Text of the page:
6. Having decided a way forward with the school, also be prepared to be the one driving the process. Each classroom has numerous students and schools can have hundreds attending. If you don’t keep in touch your child can disappear through the cracks. If they said they would get back to you in two weeks and they haven’t, call. If they haven’t done what they have said, call more repeatedly, gently reminding them of what they said they would do and that you want to simply know if they have. A teacher has twenty children wanting their attention, staff requirements and forms to fill in, lessons to plan and marking galore. It is possible for your child to slip below the sights, particularly if he/she is a quiet, well-behaved student. Never assume the school has it under control, keep checking.
At times radical change is necessary. Our youngest was not that impressed with school. She was struggling and we knew it. School to her was “what you did after the weekend”. We decided that in her best interest we would home school her for a season. We said to her that we wanted her to read. Read whatever she wanted. She started out with young picture books way below her grade level. We never said that was too young for her. We wanted her to have a sense of accomplishment not frustration. She read and read and read. She would read silently and occasionally to me. Yes, we did other activities. We continued to do maths, we baked, swam, skated, went on field trips to the beach but she read. What we wanted her to develop was a love of reading, to feel she could. We told her she could. In one year her life changed. She finished high school with great marks, did the same in her “A” levels/college, was the head girl in her school and finished with a university degree.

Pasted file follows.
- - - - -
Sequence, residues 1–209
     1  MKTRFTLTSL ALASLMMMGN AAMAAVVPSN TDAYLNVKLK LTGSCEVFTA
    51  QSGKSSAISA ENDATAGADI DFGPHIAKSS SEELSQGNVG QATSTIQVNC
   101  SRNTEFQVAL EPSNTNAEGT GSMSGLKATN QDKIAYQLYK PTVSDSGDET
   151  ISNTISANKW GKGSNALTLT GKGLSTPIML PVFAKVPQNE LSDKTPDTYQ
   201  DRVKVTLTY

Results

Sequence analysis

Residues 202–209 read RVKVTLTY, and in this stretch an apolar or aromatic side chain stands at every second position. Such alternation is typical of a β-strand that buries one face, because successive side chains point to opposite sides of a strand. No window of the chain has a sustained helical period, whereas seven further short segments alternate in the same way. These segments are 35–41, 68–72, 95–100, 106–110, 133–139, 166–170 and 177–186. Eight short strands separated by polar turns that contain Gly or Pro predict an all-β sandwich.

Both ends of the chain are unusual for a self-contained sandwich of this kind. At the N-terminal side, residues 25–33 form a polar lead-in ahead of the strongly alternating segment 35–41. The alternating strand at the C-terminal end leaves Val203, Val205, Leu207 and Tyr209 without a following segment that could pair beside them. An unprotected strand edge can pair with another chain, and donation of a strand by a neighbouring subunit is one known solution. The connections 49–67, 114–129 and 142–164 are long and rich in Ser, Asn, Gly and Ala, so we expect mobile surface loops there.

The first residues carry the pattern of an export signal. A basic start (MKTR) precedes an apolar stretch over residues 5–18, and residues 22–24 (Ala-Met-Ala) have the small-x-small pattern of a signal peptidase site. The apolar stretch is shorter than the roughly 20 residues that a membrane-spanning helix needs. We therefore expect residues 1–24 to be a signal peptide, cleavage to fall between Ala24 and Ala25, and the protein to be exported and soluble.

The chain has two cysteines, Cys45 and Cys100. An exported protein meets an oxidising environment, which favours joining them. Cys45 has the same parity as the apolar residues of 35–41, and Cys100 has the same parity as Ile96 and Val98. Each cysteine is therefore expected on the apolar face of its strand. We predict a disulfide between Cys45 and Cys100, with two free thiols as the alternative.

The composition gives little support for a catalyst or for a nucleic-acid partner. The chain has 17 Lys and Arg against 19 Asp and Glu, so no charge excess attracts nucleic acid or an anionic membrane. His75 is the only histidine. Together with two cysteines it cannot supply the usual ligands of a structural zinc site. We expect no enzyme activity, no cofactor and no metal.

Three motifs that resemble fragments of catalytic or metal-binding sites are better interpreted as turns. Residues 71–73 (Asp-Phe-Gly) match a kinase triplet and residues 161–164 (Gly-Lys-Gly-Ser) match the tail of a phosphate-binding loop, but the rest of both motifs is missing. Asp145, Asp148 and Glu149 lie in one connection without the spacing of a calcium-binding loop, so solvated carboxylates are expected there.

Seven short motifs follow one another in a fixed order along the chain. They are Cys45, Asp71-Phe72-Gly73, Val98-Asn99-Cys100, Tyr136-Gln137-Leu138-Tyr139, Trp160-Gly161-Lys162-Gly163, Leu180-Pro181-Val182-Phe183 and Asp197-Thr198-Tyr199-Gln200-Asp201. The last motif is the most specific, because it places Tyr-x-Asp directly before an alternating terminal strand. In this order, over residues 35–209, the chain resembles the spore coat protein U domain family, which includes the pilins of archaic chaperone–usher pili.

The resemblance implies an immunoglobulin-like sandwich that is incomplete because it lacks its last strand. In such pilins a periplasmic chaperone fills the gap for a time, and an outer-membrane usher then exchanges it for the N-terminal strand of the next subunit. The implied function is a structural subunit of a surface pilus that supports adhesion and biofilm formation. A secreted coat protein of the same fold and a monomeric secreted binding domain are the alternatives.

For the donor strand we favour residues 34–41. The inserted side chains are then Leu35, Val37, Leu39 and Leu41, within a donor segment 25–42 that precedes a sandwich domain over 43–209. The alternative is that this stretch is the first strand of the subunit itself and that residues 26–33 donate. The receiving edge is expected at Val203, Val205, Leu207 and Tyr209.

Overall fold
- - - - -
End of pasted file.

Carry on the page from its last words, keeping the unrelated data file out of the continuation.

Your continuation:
If we had let the school system dictate what she could or couldn’t do her story would have been very different. You know your child. My hope for you is that you will have the wisdom to know what to do when something needs to be done.